Montreal's TerreStar plans to bring mobile satellite service to the masses

Unlike providers that require expensive proprietary phones or antennas, TerreStar will allow Canadians with new-generation phones to connect directly to a satellite when outside mobile range.

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A Montreal company is working to deploy mobile satellite communications service across Canada in the next few months, broadening access to a technology that has mostly found favour with corporations and wealthy individuals.

In the fall, TerreStar Solutions successfully tested its system by making voice calls, sending text messages and connecting to devices such as sensors or appliances, in partnership with Telus and non-terrestrial network operator Skylo Technologies. TerreStar plans to make its so-called “direct to device” service available to all Canadian mobile operators in 2024, CEO Jacques Leduc said.

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TerreStar has spent more than a decade putting together its system, which uses dedicated satellite spectrum in areas that lack mobile coverage. The company has access to the geostationary Echostar T1 satellite, S-band satellite spectrum and a ground network infrastructure.

“We want to become the telecom player of the rural areas,” Leduc said in a recent interview. “We evaluate that there are about 10 to 15 million people in Canada who have connectivity issues because they are frequently outside mobile coverage areas. The need is there, and we have the capacity to meet it with the assets we have at our disposal today.”

TerreStar has probably invested upward of $1 billion in the venture, including at least $500 million for satellite costs and “hundreds of millions” for infrastructure and licences, Leduc said. Additional sums will be required to build and launch a constellation of low-Earth-orbit satellites by 2032, when the Echostar T1 is projected to reach the end of its useful life, the CEO said.

Leduc is a former chief financial officer of Microcell Telecommunications, the Quebec company that pioneered the use of GSM mobile technology in Canada in the 1990s with the launch of the popular Fido brand. Founded by entrepreneur Charles Sirois, it made a name for itself with affordable calling plans.

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After Rogers Communications bought Microcell in 2004, Leduc set up Trio Capital, a private equity firm focused on telecommunications at home and abroad. Trio subsequently bought a majority stake in TerreStar, whose executive chairman today is former Microcell CEO André Tremblay, a Trio partner.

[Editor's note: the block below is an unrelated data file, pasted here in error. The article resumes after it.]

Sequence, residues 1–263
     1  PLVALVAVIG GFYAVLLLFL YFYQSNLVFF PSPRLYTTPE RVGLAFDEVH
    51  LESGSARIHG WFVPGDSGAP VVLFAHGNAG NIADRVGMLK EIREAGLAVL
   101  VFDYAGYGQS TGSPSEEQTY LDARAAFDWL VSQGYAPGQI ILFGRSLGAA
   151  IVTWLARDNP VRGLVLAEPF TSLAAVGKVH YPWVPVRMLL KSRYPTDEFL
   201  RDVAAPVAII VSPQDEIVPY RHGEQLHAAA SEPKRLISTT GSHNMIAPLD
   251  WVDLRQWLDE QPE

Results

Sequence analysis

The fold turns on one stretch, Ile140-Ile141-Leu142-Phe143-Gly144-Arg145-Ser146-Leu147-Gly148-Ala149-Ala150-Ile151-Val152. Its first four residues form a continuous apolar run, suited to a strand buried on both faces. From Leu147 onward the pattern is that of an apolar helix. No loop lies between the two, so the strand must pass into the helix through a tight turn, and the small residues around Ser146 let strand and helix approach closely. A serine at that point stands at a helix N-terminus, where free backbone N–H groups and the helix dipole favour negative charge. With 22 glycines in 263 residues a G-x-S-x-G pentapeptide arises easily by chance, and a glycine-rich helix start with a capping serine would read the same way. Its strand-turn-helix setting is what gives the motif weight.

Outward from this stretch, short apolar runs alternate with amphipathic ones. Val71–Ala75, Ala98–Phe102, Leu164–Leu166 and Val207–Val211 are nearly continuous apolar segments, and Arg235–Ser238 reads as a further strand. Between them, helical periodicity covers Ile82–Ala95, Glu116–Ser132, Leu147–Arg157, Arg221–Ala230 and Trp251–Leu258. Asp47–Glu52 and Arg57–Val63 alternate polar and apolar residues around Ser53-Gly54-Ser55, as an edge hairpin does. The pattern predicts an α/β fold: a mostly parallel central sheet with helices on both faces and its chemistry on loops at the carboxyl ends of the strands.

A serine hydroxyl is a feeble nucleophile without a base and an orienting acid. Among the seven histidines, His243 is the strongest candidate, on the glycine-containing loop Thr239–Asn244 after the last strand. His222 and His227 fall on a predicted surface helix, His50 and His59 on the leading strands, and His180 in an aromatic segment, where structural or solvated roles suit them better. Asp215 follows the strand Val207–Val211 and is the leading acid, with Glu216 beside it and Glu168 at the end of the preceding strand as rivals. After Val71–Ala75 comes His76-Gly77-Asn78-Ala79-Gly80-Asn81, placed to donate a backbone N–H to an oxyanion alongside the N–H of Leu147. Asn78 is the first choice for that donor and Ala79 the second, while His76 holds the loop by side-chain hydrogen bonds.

“When I got involved with TerreStar, I thought direct-to-device was going to take about 10 years,” Leduc said. “It’s taken a lot longer than that, but today, it’s a reality.”

Unlike satellite communications providers such as Iridium or Starlink, which either require expensive proprietary phones or the use of an antenna, TerreStar will allow Canadian users of new-generation phones to connect directly to a satellite when they are outside of mobile range.

For now, owners of older handsets — not configured for satellite communications — need to buy a $650 mobile antenna to use the TerreStar service, which is being marketed under the Strigo brand.

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TerreStar’s platform uses the global industry standard known as 3GPP. This facilitates communications between cellular and satellite networks, Leduc said.

“In the last 10 years, we have worked very hard to integrate the cellular phone ecosystem with our frequency bands,” he said. “Being in 3GPP means that we can connect the new generation of phones with our satellite infrastructure. More and more of the new handsets integrate this functionality. If you buy a Google Pixel, Motorola or Samsung phone in 2024, you’ll be able to get mobile service through our satellite.”

Satellite communications fill a glaring need in Canada because about three-quarters of the territory is not covered by cellular networks, Leduc said. Mobile operators only build cellphone towers in regions where there are enough residents to justify the investment.

Affordable satellite communications could allow authorities to detect wildfires in remote forests more quickly thanks to connected smoke detectors, Leduc said. Intelligent temperature measurement systems, meanwhile, could let farmers in underpopulated areas use water more efficiently.

“We are working with people who have sensors that can be installed in forests and are connected to the satellite,” Leduc said. “As soon as carbon dioxide is detected, an alarm would go off and the authorities would be alerted. The earlier you can detect a wildfire, the lower the cost to put it out and the more trees you can save.”

If Leduc has his way, Strigo’s game plan will mirror the Fido playbook.

“We can come out with lower-cost plans,” he said. “When we launched Fido in 1996, mobile phones were used by about 10 per cent of the population. Most operators charged $1 a minute. We launched Fido at 10 cents a minute and we made cellular service accessible to all. This is the same phenomenon we want to create here. By integrating 3GPP, we have the capacity to let people use a phone that doesn’t cost anything extra, whereas a satellite phone today can cost $2,000. When you buy your phone, the functionality will be included. It will be your everyday phone.”

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